If you thought Jeep's Wrangler was strictly for Californian rock hoppers and D-list boy band members, think again. The latest 'JL'-series fourth generation model adds new engines and has smarter looks. Jonathan Crouch reports
The Jeep Wrangler is one of the most iconic serious SUVs on the planet and has never been a car to shy away from even the toughest off-road conditions. Now, there's a new fourth generation 'JL'-series version, which takes a completely fresh approach beneath the bonnet, introduces modern safety standards and features a redesigned interior. It's still very much a Wrangler though.
A bit of history first. Shortly after the surface of the earth cooled, vertebrates appeared, developed into dinosaurs and then died for reasons still not fully understood. Shortly thereafter, the Willys Jeep was built and spawned countless generations of Wrangler models, first driven by cigar-chomping beefcakes in aviator sunglasses who hadn't realised World War II had ended. Unfortunately, the brand image suffered a terrible knock in the mid Eighties when boy band Bros chose the Wrangler as their vehicle of choice. Bear with me, we're nearly there. Realising that the Wrangler just didn't cut it in an increasingly sophisticated world, Jeep subjected it to major surgery, creating the 'TJ' series model in 1997. This sold until the launch of the 'JK' series design in 2006, which was replaced by the current 'JL'-series fourth generation model in 2018. With the 'JL', the challenge for Jeep was to modernise the vehicle without alienating the hardcore fans of the marque. The first step was to make sure it rode a whole lot better than its predecessor (which wasn't too difficult). Since then, the brand has concentrated on gradually enhancing powertrain refinement and efficiency. Having done so, the company has tweaked the exterior looks, creating the MK4 model we're going to look at here.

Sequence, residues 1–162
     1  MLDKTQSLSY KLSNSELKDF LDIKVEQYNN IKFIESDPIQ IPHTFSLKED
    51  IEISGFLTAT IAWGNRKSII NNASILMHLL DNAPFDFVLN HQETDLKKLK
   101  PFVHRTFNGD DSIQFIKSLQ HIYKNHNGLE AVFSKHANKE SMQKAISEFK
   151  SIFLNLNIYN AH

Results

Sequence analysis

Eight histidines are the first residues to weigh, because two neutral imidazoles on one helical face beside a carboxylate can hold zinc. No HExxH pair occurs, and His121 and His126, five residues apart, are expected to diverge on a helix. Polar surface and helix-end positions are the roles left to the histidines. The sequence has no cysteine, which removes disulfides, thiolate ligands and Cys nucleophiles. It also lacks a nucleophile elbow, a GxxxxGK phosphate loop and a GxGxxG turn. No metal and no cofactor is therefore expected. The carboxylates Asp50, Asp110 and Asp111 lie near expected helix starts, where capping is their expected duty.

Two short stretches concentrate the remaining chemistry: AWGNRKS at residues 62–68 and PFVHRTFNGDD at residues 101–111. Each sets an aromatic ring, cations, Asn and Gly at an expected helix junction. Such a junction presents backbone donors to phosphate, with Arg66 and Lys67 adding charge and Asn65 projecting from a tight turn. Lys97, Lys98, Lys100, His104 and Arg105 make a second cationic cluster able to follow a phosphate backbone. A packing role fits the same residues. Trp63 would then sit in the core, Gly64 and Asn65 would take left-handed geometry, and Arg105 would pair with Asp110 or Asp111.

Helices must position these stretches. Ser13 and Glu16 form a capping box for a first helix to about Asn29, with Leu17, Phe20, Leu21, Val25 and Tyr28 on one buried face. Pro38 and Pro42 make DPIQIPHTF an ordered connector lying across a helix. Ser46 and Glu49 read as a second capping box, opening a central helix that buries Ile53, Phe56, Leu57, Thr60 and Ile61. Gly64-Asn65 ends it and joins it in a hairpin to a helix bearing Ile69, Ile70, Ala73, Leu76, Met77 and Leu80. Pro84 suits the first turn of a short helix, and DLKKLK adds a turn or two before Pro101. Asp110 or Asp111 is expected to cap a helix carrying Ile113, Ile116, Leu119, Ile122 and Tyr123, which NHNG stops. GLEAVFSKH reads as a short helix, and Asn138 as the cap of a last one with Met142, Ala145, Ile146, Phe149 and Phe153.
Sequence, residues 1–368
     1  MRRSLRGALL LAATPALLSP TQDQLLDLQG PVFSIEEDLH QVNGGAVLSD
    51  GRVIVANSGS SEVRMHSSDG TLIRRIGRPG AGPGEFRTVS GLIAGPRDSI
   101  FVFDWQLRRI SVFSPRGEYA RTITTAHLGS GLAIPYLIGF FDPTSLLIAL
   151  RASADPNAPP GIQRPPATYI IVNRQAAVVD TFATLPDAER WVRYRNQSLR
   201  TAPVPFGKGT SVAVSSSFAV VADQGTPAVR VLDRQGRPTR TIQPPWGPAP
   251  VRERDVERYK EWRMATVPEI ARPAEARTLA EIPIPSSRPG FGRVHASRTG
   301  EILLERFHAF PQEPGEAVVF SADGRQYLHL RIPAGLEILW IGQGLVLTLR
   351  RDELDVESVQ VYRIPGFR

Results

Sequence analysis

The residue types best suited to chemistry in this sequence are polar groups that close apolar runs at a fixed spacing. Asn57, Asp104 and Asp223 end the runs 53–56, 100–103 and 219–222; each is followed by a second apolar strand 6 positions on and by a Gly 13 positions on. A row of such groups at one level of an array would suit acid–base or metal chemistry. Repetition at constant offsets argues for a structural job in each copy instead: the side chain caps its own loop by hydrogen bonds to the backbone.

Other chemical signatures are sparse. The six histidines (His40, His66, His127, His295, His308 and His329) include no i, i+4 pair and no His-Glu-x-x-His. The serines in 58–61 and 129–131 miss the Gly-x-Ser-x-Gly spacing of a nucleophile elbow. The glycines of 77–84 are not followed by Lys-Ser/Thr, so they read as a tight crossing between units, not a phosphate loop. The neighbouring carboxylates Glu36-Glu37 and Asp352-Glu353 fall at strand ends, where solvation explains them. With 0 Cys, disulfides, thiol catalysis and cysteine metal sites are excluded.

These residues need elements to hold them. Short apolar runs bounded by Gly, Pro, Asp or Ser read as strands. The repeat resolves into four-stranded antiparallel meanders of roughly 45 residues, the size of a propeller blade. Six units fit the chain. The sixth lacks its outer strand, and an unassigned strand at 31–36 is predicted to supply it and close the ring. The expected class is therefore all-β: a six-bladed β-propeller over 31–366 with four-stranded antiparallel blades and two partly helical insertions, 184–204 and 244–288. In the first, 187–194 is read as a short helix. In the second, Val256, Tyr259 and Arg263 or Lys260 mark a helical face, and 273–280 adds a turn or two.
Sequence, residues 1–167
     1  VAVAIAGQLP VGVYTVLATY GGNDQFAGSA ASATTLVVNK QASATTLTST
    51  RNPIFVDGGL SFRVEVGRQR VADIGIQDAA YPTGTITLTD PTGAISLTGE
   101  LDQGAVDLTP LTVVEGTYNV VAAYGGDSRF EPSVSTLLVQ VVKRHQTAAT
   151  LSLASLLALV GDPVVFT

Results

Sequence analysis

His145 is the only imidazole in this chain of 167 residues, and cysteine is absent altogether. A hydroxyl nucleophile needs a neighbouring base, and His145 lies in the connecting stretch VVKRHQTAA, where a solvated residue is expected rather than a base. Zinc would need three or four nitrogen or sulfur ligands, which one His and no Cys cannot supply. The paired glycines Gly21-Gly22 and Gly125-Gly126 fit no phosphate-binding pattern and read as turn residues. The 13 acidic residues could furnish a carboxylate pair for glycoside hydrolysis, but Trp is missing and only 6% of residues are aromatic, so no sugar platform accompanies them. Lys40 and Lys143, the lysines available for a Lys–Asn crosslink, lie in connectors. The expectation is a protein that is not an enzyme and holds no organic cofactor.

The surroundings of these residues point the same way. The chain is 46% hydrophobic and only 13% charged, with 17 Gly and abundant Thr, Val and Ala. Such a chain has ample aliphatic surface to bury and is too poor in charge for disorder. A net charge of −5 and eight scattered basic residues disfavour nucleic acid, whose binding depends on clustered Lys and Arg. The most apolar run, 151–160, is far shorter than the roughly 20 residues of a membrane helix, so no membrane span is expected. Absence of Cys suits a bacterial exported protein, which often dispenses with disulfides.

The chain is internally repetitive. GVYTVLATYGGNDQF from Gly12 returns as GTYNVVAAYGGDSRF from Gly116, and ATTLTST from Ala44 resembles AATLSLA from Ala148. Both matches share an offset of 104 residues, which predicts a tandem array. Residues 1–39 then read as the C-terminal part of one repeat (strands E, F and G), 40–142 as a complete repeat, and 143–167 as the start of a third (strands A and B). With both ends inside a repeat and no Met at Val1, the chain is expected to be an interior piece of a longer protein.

Just about the only way we can describe the ride of pre-2007-era Wrangler models to the uninitiated is to imagine being stricken with a rather severe case of haemorrhoids and then being superglued to a spacehopper. Perhaps that's a tad harsh but after the novelty of an old Wrangler's bouncy ride had worn off, you were left with a vehicle that could crawl through deep mud but which wasn't much good at anything else. With the current 'JK' eries car, things certainly improved - if not dramatically then, at least, unequivocally. This design is much quieter than its predecessors too, thanks to beefed up insulation from engine and road noise. There's a choice of two engines - a 2.2-litre Multijet II diesel with 200hp and 450Nm of torque. And a 2.0-litre turbo petrol unit with 265hp and 400Nm of torque. Both are mated to 8-speed auto transmission. Sadly, the rorty 3.6-litre V6 Pentastar petrol unit is no longer offered to European markets. There are now two active, on-demand full time 4WD systems - known as 'Command-Trac' and 'Rock-Trac'. These use next-generation Dana axles, Tru-Lock electric front and rear-axle lockers, a Trac-Lok limited-slip differential and an electronic front sway-bar disconnect system. Whichever engine you go for, the Wrangler is still brilliant off road, with its super aggressive approach and departure angles. Opt for the entry-level Sport or Sahara trims and the car comes with clever brake lock differentials. In the two-door short wheelbase line-up, the range-topping Rubicon model gets even more specialist front and rear locking differentials. On road manners feel safe and predictable, if a little slow-witted, but there are decent levels of grip and, on broken or rutted surfaces, the handling is no longer stymied by a bouncy ride.